Jamaica has recorded its first case of the coronavirus (COVID-19) after a Jamaica-born British citizen arrived here earlier this month, Health Minister Dr Christopher Tufton announced yesterday.
He told a news conference the unidentified female patient had returned from the United Kingdom on March 4, and had been in isolation since Monday after showing respiratory symptoms.
“The person is Jamaican but has UK citizenship,” Tufton said, advising persons to exercise control over the propensity “to seek out to further enquire, or worse, to be overly assertive in whatever way, shape or form around an affected individual’s or home environment”.
“I don’t want persons to be intimidated or abused in any way, shape of form because they are unfortunate to have had the virus, not to mention other persons who are not affected but are from a similar home or family environment,” Tufton told reporter.
He added, “It is very important that I ask the public to exercise some care. We are all in this thing together and no matter how much we try, we are not going to eliminate, through aggression or otherwise, the existence or the threat that is represented here with this virus.”
He said while he would not divulge particulars about the person, who is living on the borders of St Thomas and St Andrews, south-east of Kingston, Jamaicans should note the case is an imported case. The person is expected to make a full recovery.
He added, “Needless to say, the fact that we now have an imported case, it alleviates the concerns as it relates to public gathering, and that could be applied to all major public gatherings for the time being.”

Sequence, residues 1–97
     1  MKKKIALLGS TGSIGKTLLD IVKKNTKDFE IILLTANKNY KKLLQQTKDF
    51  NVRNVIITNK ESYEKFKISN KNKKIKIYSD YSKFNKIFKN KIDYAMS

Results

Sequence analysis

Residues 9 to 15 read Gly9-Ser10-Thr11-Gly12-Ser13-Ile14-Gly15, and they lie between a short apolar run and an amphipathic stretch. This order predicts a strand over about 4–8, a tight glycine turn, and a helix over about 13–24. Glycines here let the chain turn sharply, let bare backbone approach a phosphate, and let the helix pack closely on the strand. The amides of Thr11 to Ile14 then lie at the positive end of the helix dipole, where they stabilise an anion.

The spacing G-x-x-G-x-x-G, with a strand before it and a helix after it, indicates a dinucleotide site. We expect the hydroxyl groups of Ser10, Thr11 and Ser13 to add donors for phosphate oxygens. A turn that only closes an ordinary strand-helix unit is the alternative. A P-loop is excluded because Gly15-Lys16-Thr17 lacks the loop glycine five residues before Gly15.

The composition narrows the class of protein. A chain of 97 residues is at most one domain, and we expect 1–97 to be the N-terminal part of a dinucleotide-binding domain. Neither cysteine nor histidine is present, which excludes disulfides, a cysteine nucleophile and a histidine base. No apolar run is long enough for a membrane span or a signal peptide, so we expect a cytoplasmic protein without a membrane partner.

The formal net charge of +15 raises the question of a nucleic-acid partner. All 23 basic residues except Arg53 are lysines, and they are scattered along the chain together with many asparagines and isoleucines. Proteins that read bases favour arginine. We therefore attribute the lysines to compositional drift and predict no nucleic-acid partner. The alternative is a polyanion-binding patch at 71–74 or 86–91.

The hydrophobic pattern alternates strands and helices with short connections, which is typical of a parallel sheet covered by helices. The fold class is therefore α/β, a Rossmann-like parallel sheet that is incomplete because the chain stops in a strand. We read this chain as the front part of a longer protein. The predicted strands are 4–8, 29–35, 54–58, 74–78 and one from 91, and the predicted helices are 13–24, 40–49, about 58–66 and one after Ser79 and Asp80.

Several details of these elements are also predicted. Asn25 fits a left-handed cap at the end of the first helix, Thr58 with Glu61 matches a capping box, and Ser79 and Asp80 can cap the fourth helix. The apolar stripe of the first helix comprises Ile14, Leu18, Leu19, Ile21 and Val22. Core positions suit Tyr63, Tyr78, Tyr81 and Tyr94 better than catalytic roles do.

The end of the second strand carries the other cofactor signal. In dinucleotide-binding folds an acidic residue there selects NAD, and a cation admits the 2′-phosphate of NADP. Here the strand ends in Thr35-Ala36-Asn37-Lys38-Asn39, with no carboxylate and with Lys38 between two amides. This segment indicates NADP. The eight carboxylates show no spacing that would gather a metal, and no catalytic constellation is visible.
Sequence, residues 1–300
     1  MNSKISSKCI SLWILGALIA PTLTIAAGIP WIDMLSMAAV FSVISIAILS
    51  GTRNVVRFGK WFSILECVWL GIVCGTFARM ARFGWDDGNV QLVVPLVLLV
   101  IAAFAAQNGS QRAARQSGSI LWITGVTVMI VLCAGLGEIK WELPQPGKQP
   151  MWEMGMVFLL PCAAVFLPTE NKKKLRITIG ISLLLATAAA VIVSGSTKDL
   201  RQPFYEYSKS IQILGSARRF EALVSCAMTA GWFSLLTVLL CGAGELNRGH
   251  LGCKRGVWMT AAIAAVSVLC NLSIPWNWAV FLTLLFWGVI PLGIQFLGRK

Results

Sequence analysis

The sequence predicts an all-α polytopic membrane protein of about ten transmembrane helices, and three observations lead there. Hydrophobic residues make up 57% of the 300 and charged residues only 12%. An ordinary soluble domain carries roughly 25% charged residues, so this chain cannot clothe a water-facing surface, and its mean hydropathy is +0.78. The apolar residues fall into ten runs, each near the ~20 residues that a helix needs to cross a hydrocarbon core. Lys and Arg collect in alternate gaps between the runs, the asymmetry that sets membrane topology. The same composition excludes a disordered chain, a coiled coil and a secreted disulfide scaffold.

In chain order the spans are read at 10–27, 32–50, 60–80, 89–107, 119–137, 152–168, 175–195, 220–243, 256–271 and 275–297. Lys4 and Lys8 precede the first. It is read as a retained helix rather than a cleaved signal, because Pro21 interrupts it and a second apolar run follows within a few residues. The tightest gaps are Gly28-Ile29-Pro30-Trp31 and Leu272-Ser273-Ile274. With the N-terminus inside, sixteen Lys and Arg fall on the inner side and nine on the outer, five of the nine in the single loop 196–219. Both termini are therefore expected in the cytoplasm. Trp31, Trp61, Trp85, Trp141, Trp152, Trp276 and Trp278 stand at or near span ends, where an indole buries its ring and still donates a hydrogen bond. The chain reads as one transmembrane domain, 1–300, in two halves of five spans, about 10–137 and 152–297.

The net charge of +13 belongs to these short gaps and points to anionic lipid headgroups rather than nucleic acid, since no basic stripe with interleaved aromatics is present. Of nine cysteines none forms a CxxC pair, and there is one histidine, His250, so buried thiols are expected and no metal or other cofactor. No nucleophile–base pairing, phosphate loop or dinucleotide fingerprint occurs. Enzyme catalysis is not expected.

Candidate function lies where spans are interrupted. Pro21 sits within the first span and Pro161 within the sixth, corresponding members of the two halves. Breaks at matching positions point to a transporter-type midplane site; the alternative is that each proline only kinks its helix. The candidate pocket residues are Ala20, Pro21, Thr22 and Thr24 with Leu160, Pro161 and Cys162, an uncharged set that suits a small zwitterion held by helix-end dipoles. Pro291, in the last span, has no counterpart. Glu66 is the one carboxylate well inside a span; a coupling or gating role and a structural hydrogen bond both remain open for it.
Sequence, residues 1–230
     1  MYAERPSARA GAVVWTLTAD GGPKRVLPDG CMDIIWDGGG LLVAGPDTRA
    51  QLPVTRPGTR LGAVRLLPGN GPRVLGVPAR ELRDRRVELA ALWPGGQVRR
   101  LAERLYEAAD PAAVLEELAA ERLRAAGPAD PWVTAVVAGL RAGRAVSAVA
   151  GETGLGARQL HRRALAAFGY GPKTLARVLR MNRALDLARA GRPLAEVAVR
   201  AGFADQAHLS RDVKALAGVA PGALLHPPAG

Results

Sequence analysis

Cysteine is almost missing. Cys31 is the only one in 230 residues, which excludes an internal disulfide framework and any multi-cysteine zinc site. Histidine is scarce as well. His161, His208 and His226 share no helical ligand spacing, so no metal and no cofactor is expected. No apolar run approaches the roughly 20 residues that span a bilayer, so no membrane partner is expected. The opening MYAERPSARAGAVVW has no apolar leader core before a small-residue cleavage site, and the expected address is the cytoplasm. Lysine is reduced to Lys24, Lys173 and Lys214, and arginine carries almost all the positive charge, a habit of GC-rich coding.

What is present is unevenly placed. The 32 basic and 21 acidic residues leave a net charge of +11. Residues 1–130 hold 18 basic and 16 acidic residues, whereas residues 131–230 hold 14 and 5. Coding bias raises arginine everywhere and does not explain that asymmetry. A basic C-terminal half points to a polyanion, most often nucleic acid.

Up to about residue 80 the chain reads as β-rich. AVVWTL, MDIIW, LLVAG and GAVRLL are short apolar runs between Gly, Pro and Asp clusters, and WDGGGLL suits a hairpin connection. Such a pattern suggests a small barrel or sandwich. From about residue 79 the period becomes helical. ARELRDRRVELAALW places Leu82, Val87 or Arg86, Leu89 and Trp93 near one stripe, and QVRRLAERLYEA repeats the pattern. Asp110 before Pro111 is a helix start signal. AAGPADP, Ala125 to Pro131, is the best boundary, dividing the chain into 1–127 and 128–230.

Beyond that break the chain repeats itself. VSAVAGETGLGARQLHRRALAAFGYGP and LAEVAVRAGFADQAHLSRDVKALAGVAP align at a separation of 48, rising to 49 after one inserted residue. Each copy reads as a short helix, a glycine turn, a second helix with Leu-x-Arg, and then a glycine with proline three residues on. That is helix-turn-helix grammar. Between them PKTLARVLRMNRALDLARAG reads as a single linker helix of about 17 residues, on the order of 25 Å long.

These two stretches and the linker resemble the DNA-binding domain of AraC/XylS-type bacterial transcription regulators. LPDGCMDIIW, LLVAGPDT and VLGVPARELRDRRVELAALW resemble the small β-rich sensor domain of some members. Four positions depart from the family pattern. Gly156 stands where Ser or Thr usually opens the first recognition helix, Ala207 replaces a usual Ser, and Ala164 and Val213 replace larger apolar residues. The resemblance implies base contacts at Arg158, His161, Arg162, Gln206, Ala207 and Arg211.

Tufton defended the measures put in place to screen people arriving after it was disclosed it took at least nine days before she came forward.
“The country from where the person travelled, the UK, I think this person enjoys dual citizenship, they are Jamaican but with a UK citizenship...but the person travelled, they would have been screened as all passengers would be at the airport, but they were not on the list of countries that would have been quarantined.
“The UK, even though it has the virus and it is getting worse, would not have represented one of those high risk at the time. So the person would have been screened in the normal course of activities at the port of entry, but having arrived, one of the things that we tell persons...is that they must also self-assess and they are given documentation to that effect.”
He said based on the investigations, the person did not have symptoms until “days after arriving, and having had those symptoms, they went to see their doctor which led to all the other things that have transpired”.
Tufton made it clear “there are no guarantees” as it relates to the spread of the virus, for which there is no vaccine, adding the only way to prevent the island having an imported case is to shut the island away from the rest of the world.
“Even so, under the legal framework, you can’t shut Jamaica out from Jamaicans who are all over the world and want to come back home; what you do is quarantine them. So the reality is as the virus spreads, it increases the possibilities and the exposure, which is why we said in the early stages of public education and information that a key part of the strategy was to delay to allow us time to plan for eventuality or the possibility of it coming,” Tufton added.
The Ministry of Health said as of Monday, there were 241 travellers who visited a country of interest before arriving in Jamaica.
“Notably, among that number, seven persons are in home quarantine while some 23 are in quarantine at government facilities.”